In the name of democracy, U.S. leaders waged a merciless war against revolutionaries in Indochina for the better part of twenty years. They dropped many times more tons of explosives on Vietnam than were used throughout World War II by all combatants combined. Testifying before a Congressional committee, former CIA director William Colby admitted that under his direction U.S. forces and their South Vietnam collaborators carried out the selective assassination of 24,000 Vietnamese dissidents, in what was known as the Phoenix Program. His associate, the South Vietnamese minister of information, maintained that 40,000 was a more accurate estimate. U.S. policymakers and their media mouthpieces judged the war a "mistake" because the Vietnamese proved incapable of being properly instructed by B-52 bomber raids and death squads. By prevailing against this onslaught, the Vietnamese supposedly demonstrated that they were "unprepared for our democratic institutions."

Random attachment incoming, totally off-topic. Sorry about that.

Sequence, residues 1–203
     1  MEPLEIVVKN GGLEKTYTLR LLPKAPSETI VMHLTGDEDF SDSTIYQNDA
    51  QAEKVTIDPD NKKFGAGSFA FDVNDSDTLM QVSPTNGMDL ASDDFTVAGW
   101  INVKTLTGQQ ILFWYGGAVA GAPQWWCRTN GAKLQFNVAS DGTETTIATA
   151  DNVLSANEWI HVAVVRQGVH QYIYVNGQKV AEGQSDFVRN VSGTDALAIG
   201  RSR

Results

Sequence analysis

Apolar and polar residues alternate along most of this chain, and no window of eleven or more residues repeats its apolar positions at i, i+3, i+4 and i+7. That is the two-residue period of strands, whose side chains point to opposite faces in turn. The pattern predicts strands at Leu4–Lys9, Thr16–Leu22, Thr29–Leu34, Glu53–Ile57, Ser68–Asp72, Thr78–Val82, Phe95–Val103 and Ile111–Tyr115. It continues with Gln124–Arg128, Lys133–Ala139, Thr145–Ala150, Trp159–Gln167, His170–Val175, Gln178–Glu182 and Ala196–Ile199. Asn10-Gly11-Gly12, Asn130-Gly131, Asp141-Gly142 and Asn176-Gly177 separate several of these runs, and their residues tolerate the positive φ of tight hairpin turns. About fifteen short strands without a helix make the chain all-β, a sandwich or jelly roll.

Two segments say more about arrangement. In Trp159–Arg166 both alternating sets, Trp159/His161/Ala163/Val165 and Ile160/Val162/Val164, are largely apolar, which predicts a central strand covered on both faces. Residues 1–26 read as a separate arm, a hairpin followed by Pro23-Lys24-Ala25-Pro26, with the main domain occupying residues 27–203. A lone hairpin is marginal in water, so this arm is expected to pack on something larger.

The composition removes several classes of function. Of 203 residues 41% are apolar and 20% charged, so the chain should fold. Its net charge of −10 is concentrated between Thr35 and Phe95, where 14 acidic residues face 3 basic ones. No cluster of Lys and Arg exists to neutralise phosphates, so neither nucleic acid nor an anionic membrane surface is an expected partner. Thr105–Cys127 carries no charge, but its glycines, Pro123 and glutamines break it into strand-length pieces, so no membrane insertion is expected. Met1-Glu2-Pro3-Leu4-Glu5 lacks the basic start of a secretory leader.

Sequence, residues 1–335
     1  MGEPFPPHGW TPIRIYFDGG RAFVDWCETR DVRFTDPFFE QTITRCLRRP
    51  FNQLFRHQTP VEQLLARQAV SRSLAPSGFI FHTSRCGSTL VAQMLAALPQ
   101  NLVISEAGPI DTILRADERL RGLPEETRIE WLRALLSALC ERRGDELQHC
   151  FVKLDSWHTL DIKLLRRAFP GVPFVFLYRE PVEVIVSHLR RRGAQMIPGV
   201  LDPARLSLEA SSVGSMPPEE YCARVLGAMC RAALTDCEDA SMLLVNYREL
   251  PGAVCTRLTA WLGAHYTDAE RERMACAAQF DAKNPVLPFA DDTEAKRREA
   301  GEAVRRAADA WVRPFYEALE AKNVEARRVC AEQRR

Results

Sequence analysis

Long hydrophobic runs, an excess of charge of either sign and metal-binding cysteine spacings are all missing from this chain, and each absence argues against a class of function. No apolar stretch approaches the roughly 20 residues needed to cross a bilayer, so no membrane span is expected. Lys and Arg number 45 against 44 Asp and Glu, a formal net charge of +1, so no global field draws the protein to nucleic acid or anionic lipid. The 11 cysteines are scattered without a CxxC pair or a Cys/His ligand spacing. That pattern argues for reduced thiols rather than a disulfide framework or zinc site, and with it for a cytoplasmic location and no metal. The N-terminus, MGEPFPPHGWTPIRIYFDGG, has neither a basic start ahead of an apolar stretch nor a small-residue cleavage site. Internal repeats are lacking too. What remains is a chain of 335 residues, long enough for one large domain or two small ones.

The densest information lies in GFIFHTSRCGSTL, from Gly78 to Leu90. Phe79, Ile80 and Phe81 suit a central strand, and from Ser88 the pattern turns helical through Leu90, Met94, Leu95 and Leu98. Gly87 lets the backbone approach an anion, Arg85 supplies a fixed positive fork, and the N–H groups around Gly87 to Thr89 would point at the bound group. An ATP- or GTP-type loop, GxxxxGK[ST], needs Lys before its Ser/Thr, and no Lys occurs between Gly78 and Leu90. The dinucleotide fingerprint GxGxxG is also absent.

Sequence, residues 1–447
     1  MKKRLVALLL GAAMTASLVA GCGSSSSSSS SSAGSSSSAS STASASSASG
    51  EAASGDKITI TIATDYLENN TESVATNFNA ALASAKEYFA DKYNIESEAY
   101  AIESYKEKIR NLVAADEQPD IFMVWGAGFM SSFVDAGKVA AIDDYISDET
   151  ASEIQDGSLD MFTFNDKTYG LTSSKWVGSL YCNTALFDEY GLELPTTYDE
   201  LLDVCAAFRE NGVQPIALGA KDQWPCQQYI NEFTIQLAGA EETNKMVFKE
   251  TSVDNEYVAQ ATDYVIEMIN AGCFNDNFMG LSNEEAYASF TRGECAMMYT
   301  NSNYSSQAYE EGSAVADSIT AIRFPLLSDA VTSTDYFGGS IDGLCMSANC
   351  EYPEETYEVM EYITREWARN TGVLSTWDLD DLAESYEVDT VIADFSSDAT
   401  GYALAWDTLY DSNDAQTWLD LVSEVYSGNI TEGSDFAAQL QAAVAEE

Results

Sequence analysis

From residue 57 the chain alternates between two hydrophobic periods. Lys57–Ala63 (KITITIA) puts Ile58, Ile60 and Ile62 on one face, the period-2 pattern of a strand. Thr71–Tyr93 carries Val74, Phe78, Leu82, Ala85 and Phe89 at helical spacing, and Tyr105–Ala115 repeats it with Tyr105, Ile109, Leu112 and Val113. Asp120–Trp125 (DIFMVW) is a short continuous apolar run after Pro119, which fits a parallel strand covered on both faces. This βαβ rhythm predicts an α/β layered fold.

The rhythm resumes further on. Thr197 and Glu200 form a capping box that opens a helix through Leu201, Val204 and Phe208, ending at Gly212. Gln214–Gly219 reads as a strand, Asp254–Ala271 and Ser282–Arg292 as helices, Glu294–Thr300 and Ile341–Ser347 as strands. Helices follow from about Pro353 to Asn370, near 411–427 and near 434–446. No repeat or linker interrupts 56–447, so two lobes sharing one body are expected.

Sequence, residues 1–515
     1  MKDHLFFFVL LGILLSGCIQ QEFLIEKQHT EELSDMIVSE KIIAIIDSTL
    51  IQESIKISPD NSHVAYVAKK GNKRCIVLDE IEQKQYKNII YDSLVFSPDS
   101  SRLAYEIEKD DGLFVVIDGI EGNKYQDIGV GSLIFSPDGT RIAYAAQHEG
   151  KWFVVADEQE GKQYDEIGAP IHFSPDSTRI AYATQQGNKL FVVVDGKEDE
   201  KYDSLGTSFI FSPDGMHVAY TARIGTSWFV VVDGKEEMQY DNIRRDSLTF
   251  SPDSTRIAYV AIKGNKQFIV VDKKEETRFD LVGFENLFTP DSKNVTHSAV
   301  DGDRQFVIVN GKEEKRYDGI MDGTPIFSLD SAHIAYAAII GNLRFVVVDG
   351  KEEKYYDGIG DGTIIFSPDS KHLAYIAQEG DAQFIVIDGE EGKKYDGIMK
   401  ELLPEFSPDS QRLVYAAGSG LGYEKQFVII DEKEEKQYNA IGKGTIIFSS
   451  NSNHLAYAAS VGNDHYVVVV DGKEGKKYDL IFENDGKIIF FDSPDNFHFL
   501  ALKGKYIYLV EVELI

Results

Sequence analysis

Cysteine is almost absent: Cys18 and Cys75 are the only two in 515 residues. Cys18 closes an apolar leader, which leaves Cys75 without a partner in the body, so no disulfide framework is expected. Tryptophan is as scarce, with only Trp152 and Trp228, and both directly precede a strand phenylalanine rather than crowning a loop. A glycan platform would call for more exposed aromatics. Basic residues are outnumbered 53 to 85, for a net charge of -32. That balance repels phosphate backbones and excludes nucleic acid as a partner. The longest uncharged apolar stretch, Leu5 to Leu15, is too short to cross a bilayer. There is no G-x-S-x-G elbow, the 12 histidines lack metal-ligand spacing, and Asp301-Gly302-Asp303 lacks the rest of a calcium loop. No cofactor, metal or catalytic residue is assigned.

In pursuit of counterrevolution and in the name of freedom, U.S. forces or U.S.-supported surrogate forces slaughtered 2,000,000 North Koreans in a three-year war; 3,000,000 Vietnamese; over 500,000 in aerial wars over Laos and Cambodia; over 1,500,000 million in Angola; over 1,000,000 in Mozambique; over 500,000 in Afghanistan; 500,000 to 1,000,000 in Indonesia; 200,000 in East Timor; 100,000 in Nicaragua (combining the Somoza and Reagan eras); over 100,000 in Guatemala (plus an additional 40,000 disappeared); over 700,000 in Iraq;3 over 60,000 in El Salvador; 30,000 in the "dirty war" of Argentina (though the government admits to only 9,000); 35,000 in Taiwan, when the Kuomintang military arrived from China; 20,000 in Chile; and many thousands in Haiti, Panama, Grenada, Brazil, South Africa, Western Sahara, Zaire, Turkey, and dozens of other countries, in what amounts to a free-market world holocaust.